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16 Questions To Ask a Home Inspector Before, During, and After a Home Inspection

October 6, 2020

If you’re buying a house, you know that your home inspector will check it out and make sure it’s in decent shape. But if you want to get to know your home beyond its pretty facade, you should pepper your inspector with questions—a whole lot of them, in fact!

But when you ask those home inspector questions is as important as what you ask. To ensure you get the most out of your home inspection, here’s a timeline of queries to hit before the inspection even starts, during the actual home inspection, and well after it’s over.

Questions to ask a home inspector before the inspection begins

So, how do you separate a great home contractor from a merely good one? It boils down to interviewing home inspectors to gauge how thorough a job they’ll do. To help, here are some of the best questions to ask.

Bonus: This’ll also help you know what to expect! Knowledge is power, my friends.

1. ‘What do you check?’

“A lot of people don’t know exactly what a home inspector is going to do,” says Frank Lesh, executive director of the American Society of Home Inspectors.

Wondering what does a home inspector look for? A whole lot—1,600 features on a home, to be exact.

“We inspect everything from the roof to the foundation and everything in between,” Lesh says.

Going into the inspection with a clear understanding of what the inspector can and can’t do will ensure that you walk away from the inspection happy.

2. ‘What don’t you check?’

There are limits. For instance, “we’re restricted to a visual inspection,” says Lesh. “We can’t cut a hole in somebody’s wall.”

As a result, an inspector will often flag potential problems in the report and you will have to get another expert—a roofer, HVAC person, builder, electrician, or plumber—to come back and do a more detailed examination.

“Understand that we’re looking at what exists in the house today,” says home inspector Randy Sipe, of Spring Hill, KS. “I can’t see into the future any more than anybody else.”

3. ‘What do you charge for a home inspection?’

A home inspection costs around $300 and $600, though it will depend on the market, the size of house, and the actual inspector. Generally you’ll pay the inspector the day of the inspection, so you’ll want to know in advance how much and what forms of payment are accepted.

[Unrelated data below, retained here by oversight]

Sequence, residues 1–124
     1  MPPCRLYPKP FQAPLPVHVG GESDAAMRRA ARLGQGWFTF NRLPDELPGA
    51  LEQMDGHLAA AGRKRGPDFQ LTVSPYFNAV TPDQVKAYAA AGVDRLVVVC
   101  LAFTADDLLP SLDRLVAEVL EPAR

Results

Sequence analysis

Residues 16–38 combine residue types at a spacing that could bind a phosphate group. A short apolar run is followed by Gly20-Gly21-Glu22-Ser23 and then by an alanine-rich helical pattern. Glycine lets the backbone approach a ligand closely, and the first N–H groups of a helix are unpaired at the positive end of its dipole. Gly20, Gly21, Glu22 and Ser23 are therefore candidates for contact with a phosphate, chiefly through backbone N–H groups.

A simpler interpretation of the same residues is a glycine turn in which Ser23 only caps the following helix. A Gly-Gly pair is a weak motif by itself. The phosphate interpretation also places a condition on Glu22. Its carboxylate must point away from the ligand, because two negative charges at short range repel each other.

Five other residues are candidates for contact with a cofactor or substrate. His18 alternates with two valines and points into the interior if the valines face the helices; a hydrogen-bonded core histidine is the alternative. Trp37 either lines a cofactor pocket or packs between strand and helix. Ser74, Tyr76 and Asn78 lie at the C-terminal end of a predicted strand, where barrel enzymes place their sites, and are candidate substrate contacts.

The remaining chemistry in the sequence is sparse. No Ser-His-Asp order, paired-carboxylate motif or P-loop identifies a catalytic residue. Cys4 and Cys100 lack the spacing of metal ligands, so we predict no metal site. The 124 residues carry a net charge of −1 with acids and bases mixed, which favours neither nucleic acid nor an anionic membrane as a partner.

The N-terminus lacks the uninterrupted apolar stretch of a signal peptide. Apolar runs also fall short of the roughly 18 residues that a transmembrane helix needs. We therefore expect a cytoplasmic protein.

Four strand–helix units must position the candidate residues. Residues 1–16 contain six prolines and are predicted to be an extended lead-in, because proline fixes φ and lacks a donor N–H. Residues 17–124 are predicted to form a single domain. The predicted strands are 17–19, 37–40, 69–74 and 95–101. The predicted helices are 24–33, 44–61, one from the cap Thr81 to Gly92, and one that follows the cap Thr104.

Lesh cautions against going with an inspector who quotes you a very low price.

“That’s often a sign they’re having trouble getting customers,” he says.

Spending on a good inspector will more than pay for itself in the long run.

4. ‘How long have you been doing this?’

Or perhaps more important: How many inspections have you done? A newer inspector doesn’t necessarily mean lower quality, but experience can mean a lot—especially if you’re considering an older home or something with unusual features.

5. ‘Can I come along during the inspection?’

The answer to this should be a resounding yes! Any good inspector will want prospective owners to be present at the inspection. Seeing somebody explain your house’s systems and how they work will always be more valuable than reading a report, and it gives you the opportunity to ask questions and get clarifications in the moment. If an inspector requests that you not join him, definitely walk away. Run!

6. ‘How long will the inspection take?’

Inspections often take place during the workweek, when the seller is less likely to be around. Knowing how much time you’ll need to block out will keep you from having to rush through the inspection to get back to the office. You’ll get only a ballpark figure, because much will depend on the condition of the house. But if you are quoted something that seems way off—such as a half-day for a two-bedroom apartment, or just an hour for a large, historic house—that could be a red flag that the inspector doesn’t know what he’s doing, says Lesh.

7. ‘Can I see a sample report?’

If you’re buying your first home, it can be helpful to see someone else’s report before you see your own. Every house has problems, usually lots of them, though most generally aren’t that big of a deal. A sample report will keep you from panicking when you see your own report, and it will give you a sense of how your inspector communicates. It’s another opportunity to ensure that you and your inspector are on the same page.

Questions to ask a home inspector during a home inspection

Ideally, you should attend your home inspection—in person or by video—and ask your home inspector anything that comes up right then and there. The reason: Rather than trying to decipher your home inspector’s (very technical) report, it’s much easier for this pro to actually show you what’s going on with the house.